Carden ignores him and levers Kevin up onto his feet, arms around his back to keep him steady. He watches Kevin carefully, like he’s waiting for Kevin to black out again, like he doesn’t trust Kevin’s balance.

Kevin’s dizzy, but he’s ninety-five percent certain he’s not going to pitch over. He’s hyperaware of Carden’s hands on him, though, and it sucks, because Zac’s awesome and fun, but he doesn’t make Kevin feel this way – hot and short of breath and awkward. “I’m okay,” he says thickly.

Carden snorts.

“Seriously, I’m fine,” Kevin says. He just wants Carden to let go of him. There’s this weird tingling, tightening of his skin where Carden’s fingers are grazing, just under the hem of his t-shirt, and a puddle of guilt warms in his stomach – he shouldn’t like Carden manhandling him this much, or at least he shouldn’t like it more than the idea of Zac doing the same thing.

“Well, you’re not bleeding,” Carden says, but it doesn’t sound like an agreement.

I’m bleeding,” Lacey says.

“Shut the fuck up,” Carden says, but his words aren’t heated, he’s mostly just focused on Kevin.

Kevin drops his gaze to his shoes, face hot.

Dumbly, he lets Carden steer him out of the bathroom and into the hall; he doesn’t know how long he was out, or when Carden found them, but the hallway’s packed. He’d gotten a hall pass from Lit and his books are still in room 103, and he squishes up against the wall when Michael Guy and Siska jostle close to Carden.

Carden has a hold of his wrist, though, and he elbows Michael Guy out of the way. He says, “Fuck off, Chiz,” and Michael Guy eyes Kevin up and down and says, “You look green, are you gonna throw up?”

Kevin swallows and would shake his head if he didn’t think that would actually make him throw up.

“I fucking hope not,” Carden says for him.

If he threw up all over Carden, this would officially be the worst day of his entire life.

When he spots Brendon in the crowd, he almost passes out in relief. Brendon bounces over, grinning until he gets close enough to see Carden’s fingers shackling his wrist, and probably the gray cast to Kevin’s face.

“What happened to you, dude?” Brendon asks.

Kevin lurches into his side, arm wrapping around Brendon’s shoulders, and he’s not even a little disappointed that Carden’s grip suddenly slips easily off. “Can you take me to the nurse, Bren?”

Brendon darts his gaze back and forth, between Kevin and Carden, but then he shrugs and says, “Sure.”


The speedy, inconvenient costume changes actually ends up being kind of fun. Besides getting Patrick’s elbow jabbed into his still-tender head wound, that is.

The biggest problem, of course, is Kevin’s hair.

“This isn’t going to work,” Kevin says.

“What isn’t?” Brendon says, looking at him through the rearview mirror.

Patrick smacks the back of his head and shouts, “Eyes on the road, eyes on the road!” as they nearly side-swipe a Honda coupe by drifting lanes.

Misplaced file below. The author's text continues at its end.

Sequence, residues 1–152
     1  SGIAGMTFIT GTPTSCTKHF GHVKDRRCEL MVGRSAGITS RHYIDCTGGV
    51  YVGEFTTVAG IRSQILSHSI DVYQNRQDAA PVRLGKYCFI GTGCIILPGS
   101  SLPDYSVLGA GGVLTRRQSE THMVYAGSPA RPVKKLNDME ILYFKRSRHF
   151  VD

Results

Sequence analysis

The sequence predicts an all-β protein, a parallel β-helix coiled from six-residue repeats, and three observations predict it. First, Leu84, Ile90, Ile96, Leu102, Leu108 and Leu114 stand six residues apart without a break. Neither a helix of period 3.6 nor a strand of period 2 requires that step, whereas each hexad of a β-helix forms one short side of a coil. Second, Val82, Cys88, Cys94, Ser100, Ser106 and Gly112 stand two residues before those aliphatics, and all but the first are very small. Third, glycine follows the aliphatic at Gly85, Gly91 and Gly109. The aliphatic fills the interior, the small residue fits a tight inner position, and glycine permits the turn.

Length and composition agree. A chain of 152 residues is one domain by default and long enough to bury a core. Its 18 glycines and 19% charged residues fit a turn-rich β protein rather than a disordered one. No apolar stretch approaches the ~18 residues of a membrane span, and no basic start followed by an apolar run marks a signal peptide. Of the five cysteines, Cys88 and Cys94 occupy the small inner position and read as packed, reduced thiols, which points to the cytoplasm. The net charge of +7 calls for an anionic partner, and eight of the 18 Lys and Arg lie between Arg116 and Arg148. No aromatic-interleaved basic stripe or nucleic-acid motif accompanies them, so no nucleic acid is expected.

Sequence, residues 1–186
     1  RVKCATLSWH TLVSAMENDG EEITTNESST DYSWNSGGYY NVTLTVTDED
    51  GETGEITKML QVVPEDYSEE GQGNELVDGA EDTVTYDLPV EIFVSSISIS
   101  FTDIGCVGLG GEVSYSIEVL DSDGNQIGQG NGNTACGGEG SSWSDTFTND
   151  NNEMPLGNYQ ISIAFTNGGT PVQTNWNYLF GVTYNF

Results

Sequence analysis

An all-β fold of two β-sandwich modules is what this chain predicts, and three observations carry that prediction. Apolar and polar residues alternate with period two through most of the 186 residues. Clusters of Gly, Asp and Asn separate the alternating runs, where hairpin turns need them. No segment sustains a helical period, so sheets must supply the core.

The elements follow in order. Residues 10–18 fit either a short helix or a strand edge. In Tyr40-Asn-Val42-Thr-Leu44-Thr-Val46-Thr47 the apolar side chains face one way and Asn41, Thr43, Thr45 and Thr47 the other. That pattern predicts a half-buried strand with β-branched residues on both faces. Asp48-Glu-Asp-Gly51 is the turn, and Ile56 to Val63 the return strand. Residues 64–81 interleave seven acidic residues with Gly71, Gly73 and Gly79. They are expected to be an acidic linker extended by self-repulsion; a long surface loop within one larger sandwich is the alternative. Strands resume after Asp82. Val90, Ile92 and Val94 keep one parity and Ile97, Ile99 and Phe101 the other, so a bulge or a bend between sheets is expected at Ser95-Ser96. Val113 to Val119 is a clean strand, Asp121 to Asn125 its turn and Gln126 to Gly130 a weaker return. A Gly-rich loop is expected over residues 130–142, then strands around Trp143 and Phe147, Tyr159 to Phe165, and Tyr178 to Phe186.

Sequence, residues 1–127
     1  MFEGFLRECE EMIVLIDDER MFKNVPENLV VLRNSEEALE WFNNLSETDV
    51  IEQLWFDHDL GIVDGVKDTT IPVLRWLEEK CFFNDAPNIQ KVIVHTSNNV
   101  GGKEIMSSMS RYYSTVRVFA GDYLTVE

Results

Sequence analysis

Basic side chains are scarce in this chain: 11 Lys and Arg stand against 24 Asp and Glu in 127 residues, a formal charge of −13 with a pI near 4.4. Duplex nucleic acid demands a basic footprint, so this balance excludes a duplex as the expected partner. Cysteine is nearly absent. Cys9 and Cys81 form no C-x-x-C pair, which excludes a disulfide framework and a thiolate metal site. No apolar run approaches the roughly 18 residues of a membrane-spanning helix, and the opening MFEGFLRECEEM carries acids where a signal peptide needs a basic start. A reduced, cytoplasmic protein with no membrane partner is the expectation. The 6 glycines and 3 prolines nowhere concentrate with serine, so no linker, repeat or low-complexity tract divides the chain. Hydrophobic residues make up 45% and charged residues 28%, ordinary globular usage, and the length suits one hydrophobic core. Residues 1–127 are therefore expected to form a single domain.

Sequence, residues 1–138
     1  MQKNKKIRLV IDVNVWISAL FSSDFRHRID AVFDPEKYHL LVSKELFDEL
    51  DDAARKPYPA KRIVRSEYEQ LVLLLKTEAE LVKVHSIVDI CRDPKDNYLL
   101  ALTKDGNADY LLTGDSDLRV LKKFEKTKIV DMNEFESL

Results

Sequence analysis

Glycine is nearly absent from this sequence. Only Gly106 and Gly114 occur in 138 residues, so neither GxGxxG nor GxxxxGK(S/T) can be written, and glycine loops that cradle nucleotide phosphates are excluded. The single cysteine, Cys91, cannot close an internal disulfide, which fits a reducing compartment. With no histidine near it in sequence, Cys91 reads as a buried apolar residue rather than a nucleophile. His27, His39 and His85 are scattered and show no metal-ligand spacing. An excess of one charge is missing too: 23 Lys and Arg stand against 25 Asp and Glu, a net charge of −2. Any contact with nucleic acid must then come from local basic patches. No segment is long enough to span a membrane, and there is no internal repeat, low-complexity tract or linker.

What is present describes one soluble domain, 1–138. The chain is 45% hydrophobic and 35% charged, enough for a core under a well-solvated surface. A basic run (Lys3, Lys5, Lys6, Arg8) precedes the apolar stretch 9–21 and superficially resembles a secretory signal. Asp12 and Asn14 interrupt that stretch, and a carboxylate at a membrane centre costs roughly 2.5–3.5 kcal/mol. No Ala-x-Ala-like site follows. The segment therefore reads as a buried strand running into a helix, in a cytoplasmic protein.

Kevin holds up the bottle of curl relaxant Miranda had gotten for him. “This hair stuff,” he says. His head’s dripping with it and it smells really bad and there’s no way this is going to work.

“Oh, wait, wait,” Brendon says, “check my bag, I brought you a present.”

“I’m not wearing a fake mustache,” Kevin says, but he obediently starts digging through Brendon’s messenger bag. His fingers catch on something soft under Brendon’s books, and he pulls out—a stretchy, black headband with WAKE UP written in white across the front, and NINJA around the back. “You want me to wear our own merch?” He’s not exactly sure how this’ll help with his limp, greasy curls, either.

“Exclusive, dude, just for you, ‘cause you totally seem like a headband guy, right? I made Bill a bandana for his Carpe Ninja song, too.”

Kevin kind of gets it. Maybe. He’d written most of Wake Up by himself, with a little help from Patrick, back when they weren’t even really a band yet. He doesn’t understand why Brendon thinks he’s a headband guy, though. “Uh. Thanks?”

“You’ll look like a sweaty rock star,” Brendon says, nodding. “No one’ll recognize your hair.”

Kevin tugs on the sweatband, pulls it down so it flattens the hair on top of his head, wet curls licking up around the bottom, curving over his neck and temples.

Next to him, Patrick isn’t making any sounds at all, but Kevin’s pretty sure he’s laughing at him.

“Shut up,” Kevin says.

“No, right, you’re definitely a headband guy,” Patrick says, grinning. He’s completely dressed and ready, half-mask dangling around his neck, a black newsboy cap on his head.

Kevin rolls his eyes, but he manages to finish changing, tugging on his boots – his really awesome dark brown leather boots, with square toes and wedge heels and fancy tooling down the sides - just as Brendon screeches into the back parking lot of The Cell.

Bill’s hanging out the backdoor, mask askew. He waves at them. “There’s approximately one million people in the audience,” he says when they stumble out of the minivan. “One million and one, if you count Zac.”